We might say that Columbus was a man of vision. He had an understanding of the world that ran counter to the established norms. He saw possibility and took a risk to march forward into that vision. We laud and praise his courage in following after that vision. We raise men as he up more than anything, however, because they actually succeeded in their dreams and visions. For every Columbus, however, there is a boatload of refugees whose lives are cut short in their quests after another vision of the future, a dream of possibilities and hopes. We might well call them all visionaries, as they all make the same kind of calls based on what they know, see, and hope. Yet the Columbuses and refugees of this world all walk by sight and we are called to something more.

We are called to guide our lives not by our dreams of the future, not in striving after the next best thing that might propel us into the limelight of wealth, power, and self-actualization. We are not called to live according to our best vision and understanding of the things of this life, but according to Godís purposes of transformation.

Jim Elliot knew that embarking on a missionary career in the Amazon was a death knell for him. He wrote consistently of an understanding that death awaited him, even as Paul saw chains for himself in Jerusalem and as Jesus looked ahead to a cross. In that vision of the future, however, he saw results and accomplishment that would make it all worthwhile. He saw the transformation of his own life into an extension of the life, presence, and ministry of Jesus Christ. He saw the indwelling of Godís Spirit, not as a means to realize his own objectives, but as the means to fulfill the purposes of Godís call upon his life and transformation in the lives of others through him.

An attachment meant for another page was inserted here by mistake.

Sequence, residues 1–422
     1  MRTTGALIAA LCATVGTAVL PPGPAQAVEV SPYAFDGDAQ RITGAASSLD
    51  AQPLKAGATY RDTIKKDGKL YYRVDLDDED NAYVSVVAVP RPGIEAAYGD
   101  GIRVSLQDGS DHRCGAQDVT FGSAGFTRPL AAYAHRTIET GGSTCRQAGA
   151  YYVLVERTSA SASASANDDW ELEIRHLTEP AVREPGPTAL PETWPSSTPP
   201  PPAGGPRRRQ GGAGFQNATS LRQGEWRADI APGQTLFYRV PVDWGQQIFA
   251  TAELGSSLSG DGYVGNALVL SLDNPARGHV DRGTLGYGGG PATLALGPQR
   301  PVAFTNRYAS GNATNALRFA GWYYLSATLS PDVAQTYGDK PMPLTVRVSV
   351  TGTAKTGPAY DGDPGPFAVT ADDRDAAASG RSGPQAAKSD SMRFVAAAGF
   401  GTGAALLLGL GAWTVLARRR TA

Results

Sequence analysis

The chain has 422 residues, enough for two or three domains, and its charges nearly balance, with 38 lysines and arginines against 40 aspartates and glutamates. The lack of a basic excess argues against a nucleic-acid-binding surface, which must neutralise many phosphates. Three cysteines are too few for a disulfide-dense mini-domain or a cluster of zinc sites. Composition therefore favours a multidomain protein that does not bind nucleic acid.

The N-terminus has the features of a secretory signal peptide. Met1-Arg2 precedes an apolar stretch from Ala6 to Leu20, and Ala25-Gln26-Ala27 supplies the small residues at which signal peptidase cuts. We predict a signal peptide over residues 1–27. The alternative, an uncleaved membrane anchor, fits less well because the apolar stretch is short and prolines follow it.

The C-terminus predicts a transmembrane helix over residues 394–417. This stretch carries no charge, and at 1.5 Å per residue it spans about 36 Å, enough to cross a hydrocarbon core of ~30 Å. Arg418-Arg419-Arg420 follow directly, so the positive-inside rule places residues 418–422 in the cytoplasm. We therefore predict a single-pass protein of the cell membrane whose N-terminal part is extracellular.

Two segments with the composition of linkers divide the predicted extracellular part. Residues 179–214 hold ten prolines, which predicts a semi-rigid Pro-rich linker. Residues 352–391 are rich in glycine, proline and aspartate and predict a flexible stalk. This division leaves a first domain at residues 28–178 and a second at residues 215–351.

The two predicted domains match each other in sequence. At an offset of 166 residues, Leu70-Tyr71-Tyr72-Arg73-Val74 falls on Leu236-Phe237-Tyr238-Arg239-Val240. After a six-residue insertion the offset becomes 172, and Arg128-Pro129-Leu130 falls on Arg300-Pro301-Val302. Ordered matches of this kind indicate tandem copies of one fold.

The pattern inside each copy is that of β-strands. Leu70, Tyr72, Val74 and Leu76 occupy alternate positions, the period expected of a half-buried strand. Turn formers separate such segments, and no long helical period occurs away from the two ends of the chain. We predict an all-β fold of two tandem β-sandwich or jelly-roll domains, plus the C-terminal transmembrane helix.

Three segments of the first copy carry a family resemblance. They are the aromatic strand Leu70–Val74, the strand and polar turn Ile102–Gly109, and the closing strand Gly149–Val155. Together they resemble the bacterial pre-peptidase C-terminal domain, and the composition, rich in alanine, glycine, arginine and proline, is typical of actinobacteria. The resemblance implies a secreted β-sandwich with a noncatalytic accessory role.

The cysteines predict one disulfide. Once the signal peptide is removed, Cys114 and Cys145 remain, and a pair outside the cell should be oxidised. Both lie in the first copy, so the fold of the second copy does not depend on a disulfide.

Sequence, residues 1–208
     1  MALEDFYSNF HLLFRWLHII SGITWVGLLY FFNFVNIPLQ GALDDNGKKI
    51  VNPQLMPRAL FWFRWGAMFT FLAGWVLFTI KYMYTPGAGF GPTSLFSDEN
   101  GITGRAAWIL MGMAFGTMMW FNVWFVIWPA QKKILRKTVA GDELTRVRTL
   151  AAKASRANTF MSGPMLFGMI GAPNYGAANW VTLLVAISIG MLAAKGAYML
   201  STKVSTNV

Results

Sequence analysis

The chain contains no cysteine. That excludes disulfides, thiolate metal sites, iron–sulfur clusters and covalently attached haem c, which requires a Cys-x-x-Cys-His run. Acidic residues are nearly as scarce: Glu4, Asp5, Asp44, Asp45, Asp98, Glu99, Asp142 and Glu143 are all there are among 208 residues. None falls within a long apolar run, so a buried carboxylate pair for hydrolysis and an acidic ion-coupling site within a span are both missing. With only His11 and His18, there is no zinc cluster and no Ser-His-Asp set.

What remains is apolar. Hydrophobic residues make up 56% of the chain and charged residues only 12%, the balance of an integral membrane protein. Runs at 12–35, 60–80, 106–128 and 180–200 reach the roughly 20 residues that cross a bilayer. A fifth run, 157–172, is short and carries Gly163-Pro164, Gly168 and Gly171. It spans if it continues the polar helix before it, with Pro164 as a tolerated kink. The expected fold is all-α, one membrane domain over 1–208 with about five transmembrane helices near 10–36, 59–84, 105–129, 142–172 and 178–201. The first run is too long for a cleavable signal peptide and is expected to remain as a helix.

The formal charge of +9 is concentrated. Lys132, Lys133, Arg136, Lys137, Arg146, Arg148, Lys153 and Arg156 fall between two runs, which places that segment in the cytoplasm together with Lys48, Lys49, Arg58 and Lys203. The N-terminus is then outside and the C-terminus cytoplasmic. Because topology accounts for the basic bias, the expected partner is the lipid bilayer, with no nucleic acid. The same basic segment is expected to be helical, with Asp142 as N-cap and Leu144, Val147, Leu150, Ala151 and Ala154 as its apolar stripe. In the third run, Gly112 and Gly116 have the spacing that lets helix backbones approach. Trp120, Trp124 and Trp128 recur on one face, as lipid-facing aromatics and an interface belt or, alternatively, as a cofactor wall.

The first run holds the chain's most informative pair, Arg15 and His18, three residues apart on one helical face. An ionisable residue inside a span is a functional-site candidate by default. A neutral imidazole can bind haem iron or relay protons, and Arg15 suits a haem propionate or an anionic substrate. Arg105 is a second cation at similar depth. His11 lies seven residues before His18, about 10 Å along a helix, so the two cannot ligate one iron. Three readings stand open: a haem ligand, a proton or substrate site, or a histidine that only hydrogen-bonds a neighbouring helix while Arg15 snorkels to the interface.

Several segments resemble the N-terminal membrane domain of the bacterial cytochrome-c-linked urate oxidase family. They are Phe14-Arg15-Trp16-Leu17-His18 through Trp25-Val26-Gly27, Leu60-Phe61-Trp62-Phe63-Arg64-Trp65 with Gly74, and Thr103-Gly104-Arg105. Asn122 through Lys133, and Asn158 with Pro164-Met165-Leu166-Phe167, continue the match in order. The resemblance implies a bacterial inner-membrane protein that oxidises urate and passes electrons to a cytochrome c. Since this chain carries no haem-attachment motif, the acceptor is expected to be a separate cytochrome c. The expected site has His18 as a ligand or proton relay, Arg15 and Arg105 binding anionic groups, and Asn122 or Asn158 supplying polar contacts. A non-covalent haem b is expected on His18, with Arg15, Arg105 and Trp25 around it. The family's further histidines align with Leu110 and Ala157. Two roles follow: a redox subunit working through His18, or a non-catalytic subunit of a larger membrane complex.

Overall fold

As Paul, Jim was not focused on things of this world. He did not care to plan for a secure and long life. He did not care to work toward wealth and safety and a large family as sufficient purposes, as enough of a vision to account for his actions and plans. They were both concerned and consumed with the idea of presenting the entirety of their lives into the service of Godís purposes and dreams.

Walking and living by faith was for them not a question of having a clearer vision of the future according to the same criteria used by the world around them. Whether we state it or not, that is so often what we really want from God, isnít it? Deep down, we want God to open our vision of the future so that we might become the next legendary figure applauded for success in stumbling into the next great achievement. We want God to show us how to be the Columbus figure of our generation, rather than being one more refugee story that never really made it into a land of new opportunity. We act as though living by faith is simply living according to better sight, when that is not it at all. Living by faith is living by different parameters altogether.

It is coming to the point of joining Paul and Elliot in allowing God to radically transform our lives and purposes in completely new ways. It is taking the mundane dreams and purposes of humanity and exchanging them for the purposes of God. Such an exchange requires a radical transformation of the very purposes of our lives. It would require that our greatest desires, plans, and dreams be the joining of our lives to the very life of God.

A life lived according to faith does not depend on knowing how the future will turn out. It already knows how the story will end. Paul, Jim, and Jesus all knew that death awaited them. That did not change the direction of their story. It spurred them on to make the best investment they could make on behalf of Godís purposes. Jim Elliot died during his second contact with the Aucas in the Amazon. His legacy is a life well-lived and directed and fulfilled. In the next generation, the people who killed him and for whom he died accepted the gospel of Christ. Where will our vision take us? Is it worth it?

—©2012 ChrŪstopher B. Harbin

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1 Elliott, Elisabeth. Shadow of the Almighty: The Life and Testament of Jim Elliot. New York: Harper, 1958.